Perl hates the vet. She gets carsick. She makes a sound like a baby being stabbed the entire time she is in the car. It is the most piteous wail. J and I have spent a lot of time at the vet in 2016.
It turned out that Perl was exhibiting the symptoms of either irritable bowel disease or a very low grade cancer, both of which are treated with steroids. After a couple of days in the Very Expensive Pet Loft, getting stabilized, we brought Perl home and added steroids to regimen. At this point, Perl required four pills a day. J and I got very good at pilling the cat.
Perl perked up, but she didn't quite recover. After a few weeks, she stopped eating. She just curled up on the same spot on the bed day after day and turned her nose up at the many kinds of food I brought her. Eventually, she could not get up to pee and I had to change all of the bedsheets. When she could no longer use her hind legs, we took her to the emergency vet, who kept her overnight again. It turns out that the steroids were making Perl diabetic. My tiny cat's blood sugar was so low that if we had waited until the next day to bring her in, she would have died.
Around this time we started having to inject our cat with vitamin B12 once a week.
On Christmas, J and I took Perl to the vet for her a recheck. We noticed that her recovery was a little shaky, but we thought it was just a matter of finding the right balance in her medications. Instead, the vet did a set of initial tests and then called us into the an examination room, looking grim. Perl was anemic--and not just a little bit anemic, but so crazily anemic that if she did not resume producing red blood cells, she would need a transfusion.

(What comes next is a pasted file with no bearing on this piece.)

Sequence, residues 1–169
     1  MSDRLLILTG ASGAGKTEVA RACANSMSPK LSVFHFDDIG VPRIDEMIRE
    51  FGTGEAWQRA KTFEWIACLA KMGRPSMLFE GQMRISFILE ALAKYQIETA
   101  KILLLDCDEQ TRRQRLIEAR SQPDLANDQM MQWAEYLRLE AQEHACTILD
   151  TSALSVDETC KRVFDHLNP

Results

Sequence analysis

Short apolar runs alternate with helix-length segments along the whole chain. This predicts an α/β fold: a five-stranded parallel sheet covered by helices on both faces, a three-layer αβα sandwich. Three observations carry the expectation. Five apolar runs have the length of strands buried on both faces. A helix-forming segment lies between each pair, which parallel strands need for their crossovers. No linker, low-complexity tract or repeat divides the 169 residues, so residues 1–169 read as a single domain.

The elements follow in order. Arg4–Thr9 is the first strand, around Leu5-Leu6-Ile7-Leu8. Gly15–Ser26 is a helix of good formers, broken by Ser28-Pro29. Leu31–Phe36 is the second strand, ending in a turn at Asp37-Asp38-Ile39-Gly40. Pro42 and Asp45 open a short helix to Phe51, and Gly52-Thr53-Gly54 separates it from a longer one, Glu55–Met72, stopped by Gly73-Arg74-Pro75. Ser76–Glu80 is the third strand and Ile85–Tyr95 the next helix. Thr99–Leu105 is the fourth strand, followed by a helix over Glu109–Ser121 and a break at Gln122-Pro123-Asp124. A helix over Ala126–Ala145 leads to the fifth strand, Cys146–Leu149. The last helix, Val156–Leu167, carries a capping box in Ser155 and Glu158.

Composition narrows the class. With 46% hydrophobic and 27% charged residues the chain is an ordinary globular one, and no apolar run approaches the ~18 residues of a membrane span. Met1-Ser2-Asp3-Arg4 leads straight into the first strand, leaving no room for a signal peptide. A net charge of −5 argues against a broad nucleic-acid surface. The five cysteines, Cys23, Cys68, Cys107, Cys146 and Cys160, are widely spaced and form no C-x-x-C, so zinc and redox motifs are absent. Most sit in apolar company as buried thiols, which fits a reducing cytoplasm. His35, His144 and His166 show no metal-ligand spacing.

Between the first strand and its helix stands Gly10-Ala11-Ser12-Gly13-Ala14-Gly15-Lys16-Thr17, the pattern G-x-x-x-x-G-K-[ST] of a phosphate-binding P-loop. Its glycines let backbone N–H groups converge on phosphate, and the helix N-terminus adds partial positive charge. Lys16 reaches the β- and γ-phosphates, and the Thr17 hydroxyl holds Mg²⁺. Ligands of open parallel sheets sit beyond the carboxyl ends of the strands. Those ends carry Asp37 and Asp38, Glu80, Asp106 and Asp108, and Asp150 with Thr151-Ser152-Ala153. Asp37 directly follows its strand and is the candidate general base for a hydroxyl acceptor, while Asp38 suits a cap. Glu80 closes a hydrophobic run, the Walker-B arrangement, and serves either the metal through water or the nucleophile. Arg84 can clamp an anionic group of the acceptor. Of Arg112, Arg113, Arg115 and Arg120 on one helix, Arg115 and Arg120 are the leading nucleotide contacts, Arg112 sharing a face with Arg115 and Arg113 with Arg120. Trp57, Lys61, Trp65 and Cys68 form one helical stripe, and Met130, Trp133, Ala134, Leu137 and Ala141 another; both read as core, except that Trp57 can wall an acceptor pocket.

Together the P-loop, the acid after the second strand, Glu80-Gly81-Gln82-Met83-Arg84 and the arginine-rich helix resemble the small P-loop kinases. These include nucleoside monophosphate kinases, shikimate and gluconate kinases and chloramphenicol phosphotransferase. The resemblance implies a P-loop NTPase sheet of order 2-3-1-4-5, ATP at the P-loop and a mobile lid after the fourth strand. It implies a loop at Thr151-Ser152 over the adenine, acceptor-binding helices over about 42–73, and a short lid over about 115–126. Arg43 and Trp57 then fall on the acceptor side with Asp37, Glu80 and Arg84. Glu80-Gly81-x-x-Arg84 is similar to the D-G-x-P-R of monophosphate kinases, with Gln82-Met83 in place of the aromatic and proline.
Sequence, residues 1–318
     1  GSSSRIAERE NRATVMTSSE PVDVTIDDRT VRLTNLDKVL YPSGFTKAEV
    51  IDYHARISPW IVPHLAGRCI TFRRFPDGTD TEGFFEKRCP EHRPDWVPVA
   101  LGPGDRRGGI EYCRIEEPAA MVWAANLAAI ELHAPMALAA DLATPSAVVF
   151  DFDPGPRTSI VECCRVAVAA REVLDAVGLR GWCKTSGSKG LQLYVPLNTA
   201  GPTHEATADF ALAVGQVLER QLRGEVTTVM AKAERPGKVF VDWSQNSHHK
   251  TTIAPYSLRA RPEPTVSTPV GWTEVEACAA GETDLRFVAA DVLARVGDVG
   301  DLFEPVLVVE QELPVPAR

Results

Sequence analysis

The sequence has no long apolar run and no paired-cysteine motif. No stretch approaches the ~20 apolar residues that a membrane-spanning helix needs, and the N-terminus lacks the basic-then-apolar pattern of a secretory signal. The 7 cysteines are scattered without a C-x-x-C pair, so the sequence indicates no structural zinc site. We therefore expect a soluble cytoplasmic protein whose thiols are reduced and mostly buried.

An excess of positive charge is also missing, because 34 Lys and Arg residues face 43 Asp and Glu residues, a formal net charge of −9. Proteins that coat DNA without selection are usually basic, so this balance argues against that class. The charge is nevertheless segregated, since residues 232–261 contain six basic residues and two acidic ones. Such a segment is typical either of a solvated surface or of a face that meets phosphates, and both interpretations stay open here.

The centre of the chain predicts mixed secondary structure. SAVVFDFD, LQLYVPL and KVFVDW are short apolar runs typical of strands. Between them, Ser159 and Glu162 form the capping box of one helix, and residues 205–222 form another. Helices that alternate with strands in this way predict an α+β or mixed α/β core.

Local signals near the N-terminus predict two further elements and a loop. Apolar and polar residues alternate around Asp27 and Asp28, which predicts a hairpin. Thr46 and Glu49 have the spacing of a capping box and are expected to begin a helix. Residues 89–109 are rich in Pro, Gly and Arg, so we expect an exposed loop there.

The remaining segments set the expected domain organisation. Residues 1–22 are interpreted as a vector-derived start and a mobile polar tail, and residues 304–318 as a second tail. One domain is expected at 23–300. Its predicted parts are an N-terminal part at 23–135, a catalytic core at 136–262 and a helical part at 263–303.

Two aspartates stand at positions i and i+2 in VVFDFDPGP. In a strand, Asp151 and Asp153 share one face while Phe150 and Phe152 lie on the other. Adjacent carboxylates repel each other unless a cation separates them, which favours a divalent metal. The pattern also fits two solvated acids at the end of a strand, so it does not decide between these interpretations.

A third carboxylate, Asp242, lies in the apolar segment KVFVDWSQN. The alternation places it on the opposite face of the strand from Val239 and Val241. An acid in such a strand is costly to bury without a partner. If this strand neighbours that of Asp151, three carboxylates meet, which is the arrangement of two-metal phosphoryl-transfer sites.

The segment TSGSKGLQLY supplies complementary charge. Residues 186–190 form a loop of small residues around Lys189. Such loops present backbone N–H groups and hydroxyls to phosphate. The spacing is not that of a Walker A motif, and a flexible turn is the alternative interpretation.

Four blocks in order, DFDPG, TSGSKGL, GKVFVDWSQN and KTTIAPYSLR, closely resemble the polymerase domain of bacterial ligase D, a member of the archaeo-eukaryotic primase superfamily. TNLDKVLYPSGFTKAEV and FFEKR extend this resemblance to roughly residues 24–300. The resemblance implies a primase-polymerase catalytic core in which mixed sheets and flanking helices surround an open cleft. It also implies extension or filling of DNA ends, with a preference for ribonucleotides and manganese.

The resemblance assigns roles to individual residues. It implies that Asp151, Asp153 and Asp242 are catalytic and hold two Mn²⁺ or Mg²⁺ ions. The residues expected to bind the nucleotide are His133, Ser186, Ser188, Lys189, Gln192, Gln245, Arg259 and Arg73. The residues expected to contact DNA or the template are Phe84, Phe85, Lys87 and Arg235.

This is fine. This is fine. How much does a transfusion cost? $600? This is fine. We have already established that we are the sort of people who will set a mountain of money on fire to keep our cat alive. But it won't solve the problem? It's a temporary measure? It buys us time? By which you mean a couple of weeks. Oh.
But in the meantime, here is the saline for the subcutaneous fluids you're going to give her and needles for the very small amount of insulin she needs, because she is borderline diabetic. Stop her thyroid medication. Give her more steroids. Your cat is a bag of bones, held together with pills and needles and your checkbook.
My few remaining readers, there may have been some crying at this juncture. J and I went home and I put away towels and wailed. Cat lives are short and human lives are long, but J and I have had Perl for longer than I've been writing here. And this feeling is not new--Ada died slowly and expensively and all of her organs failed at once--but it is different when you know the time is coming and all that you can do is make her comfortable before she runs out of life.
This evening I got a call from the vet, who informed me of the results of the more detailed tests they ran on Perl's blood. It turns out that she is not quite as anemic as the quick test had indicated and she appears to still be making more red blood cells. J and I have given her subcutaneous fluids and fed her her steroids, but we haven't quite figured out how to give her a half dose of insulin because the syringes we have aren't small enough. Perl will die, but this is one sliver of misery I will not lay at 2016's feet.
Some things we save for next year.